ECON 2516 - Intermediate Microeconomics II

North Terrace Campus - Semester 2 - 2021

This course builds on the microeconomic principles studied in the Level I Economics courses and provides a rigorous analysis of the way in which the market system functions as a mechanism for coordinating the independent choices of individual economic agents. It develops a basis for evaluating the efficiency and equity implications of competition and other market structures, and a perspective on the appropriate role of government. Included are the study of consumer choice, production and cost, market structure, and market failure. Intermediate Microeconomics II will put a strong emphasis on the mastery of theoretical concepts and analytical tools, with some applications to real world problems.

  • General Course Information
    Course Details
    Course Code ECON 2516
    Course Intermediate Microeconomics II
    Coordinating Unit Economics
    Term Semester 2
    Level Undergraduate
    Location/s North Terrace Campus
    Units 3
    Contact Up to 4 hours per week
    Available for Study Abroad and Exchange Y
    Prerequisites ECON 1010 & ECON 1012
    Incompatible ECON 2506; ECON 2512
    Restrictions Only available to B.Economics (Advanced) students
    Assessment Typically assignments, mid-term test and final exam
    Course Staff

    Course Coordinator: Associate Professor Duygu Yengin

    Course Timetable

    The full timetable of all activities for this course can be accessed from Course Planner.

  • Learning Outcomes
    Course Learning Outcomes
    On successful completion of this course, students will be able to:
    1. Explain microeconomic theory models using mathematical tools and diagrams
    2. Apply microeconomic models to design solutions to practical economic issues and real-world scenarios
    3. Demonstrate a proficiency in utilising numerical and graphical techniques as well as verbal presentation of microeconomic concepts
    4. Analyse and assess microeconomic policies implications, advantages and limitations.
    University Graduate Attributes

    This course will provide students with an opportunity to develop the Graduate Attribute(s) specified below:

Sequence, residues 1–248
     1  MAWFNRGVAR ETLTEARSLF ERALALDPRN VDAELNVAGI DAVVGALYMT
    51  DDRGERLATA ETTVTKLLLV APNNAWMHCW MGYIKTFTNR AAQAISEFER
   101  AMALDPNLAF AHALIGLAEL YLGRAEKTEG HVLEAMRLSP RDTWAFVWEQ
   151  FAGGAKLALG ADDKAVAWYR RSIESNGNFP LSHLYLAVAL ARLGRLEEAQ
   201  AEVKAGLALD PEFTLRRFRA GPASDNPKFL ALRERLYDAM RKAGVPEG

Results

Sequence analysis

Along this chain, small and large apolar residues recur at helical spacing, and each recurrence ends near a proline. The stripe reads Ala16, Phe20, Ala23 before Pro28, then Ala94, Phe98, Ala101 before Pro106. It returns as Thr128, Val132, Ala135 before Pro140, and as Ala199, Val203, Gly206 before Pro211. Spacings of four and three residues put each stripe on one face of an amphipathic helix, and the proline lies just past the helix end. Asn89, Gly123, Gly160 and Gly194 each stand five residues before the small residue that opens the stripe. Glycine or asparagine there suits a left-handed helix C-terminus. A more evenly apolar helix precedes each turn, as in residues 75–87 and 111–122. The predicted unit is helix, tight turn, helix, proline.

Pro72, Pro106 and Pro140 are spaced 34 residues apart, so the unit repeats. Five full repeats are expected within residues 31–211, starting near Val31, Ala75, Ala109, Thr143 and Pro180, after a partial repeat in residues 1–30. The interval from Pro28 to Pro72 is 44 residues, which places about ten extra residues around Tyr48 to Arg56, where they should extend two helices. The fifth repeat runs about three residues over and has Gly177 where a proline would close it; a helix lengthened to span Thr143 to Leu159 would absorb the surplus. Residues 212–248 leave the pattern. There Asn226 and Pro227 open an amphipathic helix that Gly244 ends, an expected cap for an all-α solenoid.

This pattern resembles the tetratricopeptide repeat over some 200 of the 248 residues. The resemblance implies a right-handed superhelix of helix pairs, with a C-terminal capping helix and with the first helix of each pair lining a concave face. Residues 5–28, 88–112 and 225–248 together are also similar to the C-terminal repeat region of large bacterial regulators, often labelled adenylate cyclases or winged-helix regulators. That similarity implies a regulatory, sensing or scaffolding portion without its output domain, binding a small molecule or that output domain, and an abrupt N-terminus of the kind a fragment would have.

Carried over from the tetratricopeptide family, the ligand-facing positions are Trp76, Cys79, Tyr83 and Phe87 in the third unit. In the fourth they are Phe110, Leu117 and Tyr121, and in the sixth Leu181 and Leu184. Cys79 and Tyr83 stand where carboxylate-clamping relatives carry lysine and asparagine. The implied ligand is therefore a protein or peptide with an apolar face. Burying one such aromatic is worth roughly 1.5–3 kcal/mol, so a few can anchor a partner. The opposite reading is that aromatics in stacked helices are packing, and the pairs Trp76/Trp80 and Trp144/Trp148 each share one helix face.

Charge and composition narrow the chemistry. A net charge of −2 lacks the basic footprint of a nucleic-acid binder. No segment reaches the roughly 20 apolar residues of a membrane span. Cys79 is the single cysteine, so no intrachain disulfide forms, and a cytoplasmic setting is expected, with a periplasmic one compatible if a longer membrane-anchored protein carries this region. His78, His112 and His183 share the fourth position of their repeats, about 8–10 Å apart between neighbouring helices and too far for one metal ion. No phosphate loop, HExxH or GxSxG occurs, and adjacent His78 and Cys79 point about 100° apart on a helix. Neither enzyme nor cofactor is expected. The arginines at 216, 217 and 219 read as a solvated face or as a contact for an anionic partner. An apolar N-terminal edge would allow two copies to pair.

University Graduate Attribute Course Learning Outcome(s)
    Deep discipline knowledge
    • informed and infused by cutting edge research, scaffolded throughout their program of studies
    • acquired from personal interaction with research active educators, from year 1
    • accredited or validated against national or international standards (for relevant programs)
    Critical thinking and problem solving
    • steeped in research methods and rigor
    • based on empirical evidence and the scientific approach to knowledge development
    • demonstrated through appropriate and relevant assessment
    Teamwork and communication skills
    • developed from, with, and via the SGDE
    • honed through assessment and practice throughout the program of studies
    • encouraged and valued in all aspects of learning
    Career and leadership readiness
    • technology savvy
    • professional and, where relevant, fully accredited
    • forward thinking and well informed
    • tested and validated by work based experiences
    Self-awareness and emotional intelligence
    • a capacity for self-reflection and a willingness to engage in self-appraisal
    • open to objective and constructive feedback from supervisors and peers
    • able to negotiate difficult social situations, defuse conflict and engage positively in purposeful debate
  • Learning Resources
    Required Resources
    Textbook : Microeconomics: an Intuitive Approach with Calculus (Nechyba)
  • Learning & Teaching Activities
    Learning & Teaching Modes
    2 hour lectures and 2 hour workshop each week, face to face. 


    The information below is provided as a guide to assist students in engaging appropriately with the course requirements.

    The University expects full-time students (i.e. those taking 12 units per semester) to devote a total of 48 hours per week to their studies. This translates to 12 hours per week for a semester course.
    Learning Activities Summary
    Topic Book chapters
    Week 1 A consumer’s economic circumstances (Budget constraints) 2
    Week 2 Tastes and indifference curves (Utility and indifference curves) 4
    Week 3 Doing the best we can (Optimisation) 6
    Week 4 Income and substitution effects in consumer goods markets 7
    Week 5 Consumer surplus and deadweight loss 10
    Week 6 Profit-maximising choice: Producers 11 & 12
    Week 7 Competitive markets and the “Invisible Hand” (Equilibrium and welfare theorems) 14 & 15
    Week 8 Choice and markets in the presence of risk 17
    Week 9 Distortions of the “Invisible Hand” in competitive markets (Elasticities, price-distorting policies, and non-price rationing) 18
    Week 10 Monopoly 23